Friday, 22 September 2006

Unconventional Silliness

“Mathematics and logic are collections of norms”, says David Bloor. “The ontological status of logic and mathematics is the same as that of an institution. They are social in nature.” [1] Now, if that is meant to convey the idea that the symbols and conventions of logic and mathematics, and the uses to which we put them, are ontologically subjective, being that they depend upon us for their existence, then it is a banal point. If, on the other hand, it is meant to convey something more radical, namely, that the ontological status of logic and mathematics is as subjective as the ontological status of a dress code or a bill of rights, then it is absurd; for then the claim is that propositions such as “twice two is four” or “A and not-A are contradictory” express nothing more independent of social convention than propositions such as “wrong hat, Gerald” or “citizens are permitted to bear arms on the first Tuesday of every month”. If such is true, and if furthermore there are many and diverse conventions by which we might fruitfully live our lives, then we might fruitfully think that twice two is five or nineteen or sixty thousand, without adverse consequences, being that there is no ontologically objective world by which we would be constrained in thinking one way or another. Everything is social, apparently. That, I presume, is Professor Bloor’s point. He is only a sociologist, after all.

[1] David Bloor, “Wittgenstein and Mannheim on the Sociology of Mathematics”, in Studies in History and Philosophy of Science, Vol.4:2, p.189.

Fewtril #126

It is hardly to be hoped that one can speak with knowledge and insight without being accused of ignorance and bigotry.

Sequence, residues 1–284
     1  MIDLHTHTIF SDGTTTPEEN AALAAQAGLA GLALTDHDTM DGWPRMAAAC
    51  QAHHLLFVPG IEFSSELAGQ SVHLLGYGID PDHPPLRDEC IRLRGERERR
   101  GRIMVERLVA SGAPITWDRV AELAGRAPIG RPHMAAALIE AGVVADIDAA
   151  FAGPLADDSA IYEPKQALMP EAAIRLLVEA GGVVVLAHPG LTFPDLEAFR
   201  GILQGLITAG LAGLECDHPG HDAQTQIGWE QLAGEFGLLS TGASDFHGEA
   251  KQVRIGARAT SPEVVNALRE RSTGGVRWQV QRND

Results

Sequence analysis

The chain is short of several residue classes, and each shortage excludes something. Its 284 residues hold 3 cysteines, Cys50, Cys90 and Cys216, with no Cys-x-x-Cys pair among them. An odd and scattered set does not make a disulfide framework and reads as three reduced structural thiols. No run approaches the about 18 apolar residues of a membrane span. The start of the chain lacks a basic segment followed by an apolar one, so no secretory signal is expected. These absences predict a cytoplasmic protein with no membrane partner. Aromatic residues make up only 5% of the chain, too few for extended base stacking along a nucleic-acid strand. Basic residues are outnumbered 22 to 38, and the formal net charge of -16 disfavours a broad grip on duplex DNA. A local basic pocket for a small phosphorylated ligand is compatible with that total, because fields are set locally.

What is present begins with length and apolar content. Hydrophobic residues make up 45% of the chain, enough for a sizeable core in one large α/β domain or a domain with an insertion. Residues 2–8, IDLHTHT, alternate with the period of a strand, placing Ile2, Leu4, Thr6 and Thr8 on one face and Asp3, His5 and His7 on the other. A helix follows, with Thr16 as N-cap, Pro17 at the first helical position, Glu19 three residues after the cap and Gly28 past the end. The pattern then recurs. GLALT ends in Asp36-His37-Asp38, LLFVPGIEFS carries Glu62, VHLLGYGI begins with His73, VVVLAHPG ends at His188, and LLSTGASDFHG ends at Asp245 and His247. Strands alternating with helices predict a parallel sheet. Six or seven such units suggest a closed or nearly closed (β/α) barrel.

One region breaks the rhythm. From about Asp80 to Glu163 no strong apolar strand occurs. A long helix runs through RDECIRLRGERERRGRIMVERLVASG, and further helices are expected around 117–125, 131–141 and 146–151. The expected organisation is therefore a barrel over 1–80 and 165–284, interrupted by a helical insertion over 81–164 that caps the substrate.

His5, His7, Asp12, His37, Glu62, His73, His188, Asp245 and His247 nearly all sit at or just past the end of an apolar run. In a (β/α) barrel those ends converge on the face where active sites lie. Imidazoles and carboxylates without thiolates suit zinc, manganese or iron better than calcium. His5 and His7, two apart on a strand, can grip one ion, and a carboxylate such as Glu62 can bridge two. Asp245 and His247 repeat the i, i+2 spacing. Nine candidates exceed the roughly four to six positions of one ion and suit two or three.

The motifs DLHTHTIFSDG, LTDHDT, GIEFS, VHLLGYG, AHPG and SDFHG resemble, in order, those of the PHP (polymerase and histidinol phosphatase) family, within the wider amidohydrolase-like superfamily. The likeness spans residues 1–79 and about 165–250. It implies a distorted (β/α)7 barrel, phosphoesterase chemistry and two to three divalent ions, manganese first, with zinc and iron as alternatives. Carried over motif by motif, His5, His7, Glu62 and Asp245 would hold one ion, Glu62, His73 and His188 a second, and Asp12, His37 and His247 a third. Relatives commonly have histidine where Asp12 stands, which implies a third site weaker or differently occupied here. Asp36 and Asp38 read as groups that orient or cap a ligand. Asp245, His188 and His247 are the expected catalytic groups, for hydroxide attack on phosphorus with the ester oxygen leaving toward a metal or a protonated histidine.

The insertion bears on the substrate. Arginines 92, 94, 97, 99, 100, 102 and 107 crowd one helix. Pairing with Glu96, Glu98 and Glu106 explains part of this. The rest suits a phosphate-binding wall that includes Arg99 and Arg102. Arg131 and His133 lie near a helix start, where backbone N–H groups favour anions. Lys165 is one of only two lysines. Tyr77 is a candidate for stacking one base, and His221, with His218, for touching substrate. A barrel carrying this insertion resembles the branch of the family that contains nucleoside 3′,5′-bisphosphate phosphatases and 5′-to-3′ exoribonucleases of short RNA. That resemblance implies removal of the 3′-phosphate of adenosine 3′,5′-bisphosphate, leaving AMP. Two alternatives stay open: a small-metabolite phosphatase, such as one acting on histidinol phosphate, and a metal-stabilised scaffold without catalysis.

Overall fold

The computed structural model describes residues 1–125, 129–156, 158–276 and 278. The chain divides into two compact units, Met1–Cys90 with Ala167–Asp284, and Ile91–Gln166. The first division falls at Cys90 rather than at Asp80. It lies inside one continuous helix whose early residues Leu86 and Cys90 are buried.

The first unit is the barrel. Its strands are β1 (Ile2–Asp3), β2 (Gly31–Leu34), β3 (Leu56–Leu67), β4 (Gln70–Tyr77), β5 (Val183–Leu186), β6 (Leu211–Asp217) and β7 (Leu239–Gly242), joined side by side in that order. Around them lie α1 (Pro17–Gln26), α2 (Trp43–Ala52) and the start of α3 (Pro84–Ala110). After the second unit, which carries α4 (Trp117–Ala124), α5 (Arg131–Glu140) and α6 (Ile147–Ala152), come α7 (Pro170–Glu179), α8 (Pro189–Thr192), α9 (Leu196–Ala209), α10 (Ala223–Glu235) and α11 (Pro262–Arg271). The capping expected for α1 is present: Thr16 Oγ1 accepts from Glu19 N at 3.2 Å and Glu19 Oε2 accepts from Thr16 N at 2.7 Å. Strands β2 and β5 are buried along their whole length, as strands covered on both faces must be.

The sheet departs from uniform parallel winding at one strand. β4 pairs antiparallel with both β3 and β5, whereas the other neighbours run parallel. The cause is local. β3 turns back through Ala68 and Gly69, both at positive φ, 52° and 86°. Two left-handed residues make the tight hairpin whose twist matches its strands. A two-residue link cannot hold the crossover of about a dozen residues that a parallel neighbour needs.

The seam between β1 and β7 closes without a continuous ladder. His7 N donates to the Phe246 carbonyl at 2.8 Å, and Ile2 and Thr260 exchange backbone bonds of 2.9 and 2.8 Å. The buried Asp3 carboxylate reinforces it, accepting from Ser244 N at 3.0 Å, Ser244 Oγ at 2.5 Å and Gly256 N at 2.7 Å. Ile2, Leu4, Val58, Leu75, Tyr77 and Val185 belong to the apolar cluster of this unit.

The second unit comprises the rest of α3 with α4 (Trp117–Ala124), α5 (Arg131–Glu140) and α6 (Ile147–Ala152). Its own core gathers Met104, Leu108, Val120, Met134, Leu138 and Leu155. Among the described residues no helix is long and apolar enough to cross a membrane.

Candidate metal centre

Wednesday, 20 September 2006

Fewtril #125

Nowadays it often happens that, having exhorted someone to live up to some ideal, one is accused of doing him down or of trying to delude him.

Monday, 18 September 2006

Fewtril #124

One can do little against organised stupidity but hope that it will inadvertently organise its own demise.

Fewtril #123

One can be so successful at stopping a dangerous thing at its outset that thereafter people will say that one had exaggerated its threat.

Friday, 15 September 2006

Thursday, 14 September 2006

Fewtril #122

In the great scramble to be offended, it is essential that one might find any innocuous thing utterly vile and offensive, lest one be outdone by more inventive souls.

Fewtril #121

As many of us have come to understand, there are few creatures more easily dupable than a western intellectual desperate to demonstrate his tolerance for some foreign nonsense.

Wednesday, 13 September 2006

Fewtril #120

One can hardly expect people to feel shame for their sins and shortcomings when they are so readily proud to boast of them.

Tuesday, 12 September 2006

Fewtril #119

If a scholar changes his outlook in maturity, we may say he has shrugged off his youthful fantasies – or lost his marbles.

Humanity, Great and Otherwise

We often take vicarious pride in the greatness of humanity. I say “vicarious” because the greatness that we assume as belonging to our humanity is really the work of a few persons by whom we define that humanity. If we were to define humanity differently – that is, by the deeds of the typical member of the species Homo sapiens – we should think that humanity was a concept signifying little of this greatness. On the other hand, when we take for ourselves a view of humanity that is predicated on the greatness of a few, we are wont to express surprise at the ignobility of the many – and to wonder at the inhumanity of humanity! As Ralph Adams Cram said,